Saturday, December 20, 2008

The Transkei no longer exists. It is now called the Wild Coast.

Blogging with a view

South African Journal: Day Ten - The drive from Kragga to Port St. Johns took a bit over seven hours. We passed over the Skei river pretty early in the trip into an area that used to be called the Transkei (Trans: to pass, Skei: the name of the river you pass over). The Transkei was the black area. Whites rarely came here and if they did, they needed to show ID. This was a homeland the colonialists forced the indigenous blacks to move to. I had read about this area in the 80's when I was protesting outside of the South African embassy in London against Apartheid (meaning separateness in Afrikaans; 1948-1991, the white minority of South Africa used force to oppress the black majority by forcing them into segregated homelands and denying them equality).

Had to slam on the breaks to avoid hitting these bulls who were fighting on the highway. All sorts of obstacles are on the road from children to drunks to sheep.

As soon as we crossed the bridge into the-area-previously-known-as-the-Transkei (now named the East Cape or the Wild Coast), we saw an adolescent young man in traditional dress, his dark black body painted white, walking into the bush with a walking stick. This is a right of passage. He was the age of my students, sixteen or seventeen, and it made me thinking of them; except he was just circumcised and was being sent into the bush for a week to become a man. We have definitely crossed into a different part of South African.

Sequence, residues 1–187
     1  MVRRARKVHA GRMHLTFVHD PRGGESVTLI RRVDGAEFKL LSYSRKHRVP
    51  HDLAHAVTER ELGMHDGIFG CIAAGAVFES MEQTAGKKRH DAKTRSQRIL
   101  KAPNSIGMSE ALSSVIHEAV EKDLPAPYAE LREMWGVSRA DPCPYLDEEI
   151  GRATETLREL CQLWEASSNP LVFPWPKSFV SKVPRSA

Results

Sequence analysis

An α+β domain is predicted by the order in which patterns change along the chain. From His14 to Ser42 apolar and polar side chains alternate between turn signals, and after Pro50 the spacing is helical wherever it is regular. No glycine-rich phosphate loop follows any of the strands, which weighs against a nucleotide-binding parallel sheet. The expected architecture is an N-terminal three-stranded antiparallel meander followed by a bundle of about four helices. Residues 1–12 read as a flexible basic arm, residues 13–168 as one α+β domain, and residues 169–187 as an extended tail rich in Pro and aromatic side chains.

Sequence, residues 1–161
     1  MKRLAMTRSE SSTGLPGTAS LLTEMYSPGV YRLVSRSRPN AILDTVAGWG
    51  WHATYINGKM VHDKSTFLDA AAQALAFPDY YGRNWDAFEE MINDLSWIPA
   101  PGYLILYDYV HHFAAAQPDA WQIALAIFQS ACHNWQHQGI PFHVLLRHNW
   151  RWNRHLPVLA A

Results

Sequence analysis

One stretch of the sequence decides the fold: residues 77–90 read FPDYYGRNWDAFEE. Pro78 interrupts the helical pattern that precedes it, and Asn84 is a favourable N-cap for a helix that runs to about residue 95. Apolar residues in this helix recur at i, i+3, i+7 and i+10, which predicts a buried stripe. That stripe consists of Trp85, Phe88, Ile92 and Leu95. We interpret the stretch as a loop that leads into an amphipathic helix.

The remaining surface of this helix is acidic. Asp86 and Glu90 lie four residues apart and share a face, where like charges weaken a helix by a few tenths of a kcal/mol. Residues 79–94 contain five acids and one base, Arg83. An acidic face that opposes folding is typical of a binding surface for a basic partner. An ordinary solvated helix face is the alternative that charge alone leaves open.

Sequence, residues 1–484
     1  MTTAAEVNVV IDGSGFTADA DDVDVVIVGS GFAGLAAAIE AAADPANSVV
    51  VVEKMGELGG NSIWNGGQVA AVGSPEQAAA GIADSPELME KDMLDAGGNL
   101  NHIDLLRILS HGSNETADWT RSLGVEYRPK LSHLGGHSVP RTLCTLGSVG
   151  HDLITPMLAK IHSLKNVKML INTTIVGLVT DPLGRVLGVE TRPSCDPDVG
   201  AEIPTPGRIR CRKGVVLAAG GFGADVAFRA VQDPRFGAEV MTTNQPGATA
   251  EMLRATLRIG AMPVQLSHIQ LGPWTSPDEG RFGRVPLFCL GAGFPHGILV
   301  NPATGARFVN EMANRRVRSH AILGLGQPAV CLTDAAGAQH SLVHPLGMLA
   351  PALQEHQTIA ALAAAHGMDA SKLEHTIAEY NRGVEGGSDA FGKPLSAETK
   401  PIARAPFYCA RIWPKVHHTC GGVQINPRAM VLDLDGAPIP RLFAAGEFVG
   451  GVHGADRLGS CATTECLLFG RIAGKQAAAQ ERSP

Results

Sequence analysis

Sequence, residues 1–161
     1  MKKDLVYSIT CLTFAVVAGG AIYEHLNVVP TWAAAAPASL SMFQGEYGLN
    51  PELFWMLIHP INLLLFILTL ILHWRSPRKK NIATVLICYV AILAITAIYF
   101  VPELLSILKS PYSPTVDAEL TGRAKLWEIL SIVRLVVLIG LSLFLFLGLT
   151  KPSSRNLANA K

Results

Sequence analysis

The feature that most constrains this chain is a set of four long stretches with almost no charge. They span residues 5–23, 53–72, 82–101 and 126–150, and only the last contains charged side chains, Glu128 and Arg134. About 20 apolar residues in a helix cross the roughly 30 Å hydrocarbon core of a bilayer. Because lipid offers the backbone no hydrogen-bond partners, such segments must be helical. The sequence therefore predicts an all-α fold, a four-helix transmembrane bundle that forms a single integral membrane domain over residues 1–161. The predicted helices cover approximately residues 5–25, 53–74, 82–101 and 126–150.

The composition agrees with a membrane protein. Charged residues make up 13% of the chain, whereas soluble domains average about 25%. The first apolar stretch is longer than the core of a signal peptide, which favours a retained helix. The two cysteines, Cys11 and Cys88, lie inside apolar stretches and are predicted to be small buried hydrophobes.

Watched some of the five day cricket test match, South Africa vs. Australia (image stolen from the interwebs)

Been watching cricket with my brother-in-law Miles, a five day test match between Australia and South Africa. I think I understand the sport by now. Very slow and very strategic. The South African team, The Proteas (after the national flower) is very diverse. They actually have a quota to have non-white races represented on the team. Kinda strange to see a blond haired, pasty white skinned British looking guy playing side-by-side with a dark skinned Muslim with a long, bushy beard. Very cool actually. And to see my brother-in-law get excited about a play that I can barely tell that something happened was amusing. Our sports are so full of flair, home runs where the batter freezes at the end of his swing or a basketball player spinning in the air and slam dunking the ball. Where they do have us is with the length of the game and the score. Though there are one day cricket events, a test match lasts five days with a score of 475 to 490 not too uncommon. Miles has been to a test match. He told me that some of the big games will have over 60,000 fans attending from 10:00am 'till 5:00 or 6:00pm, all five days. Whole lotta beer drinking going on.

Hashim Amla of the South African Cricket team (image stolen from the interwebs)

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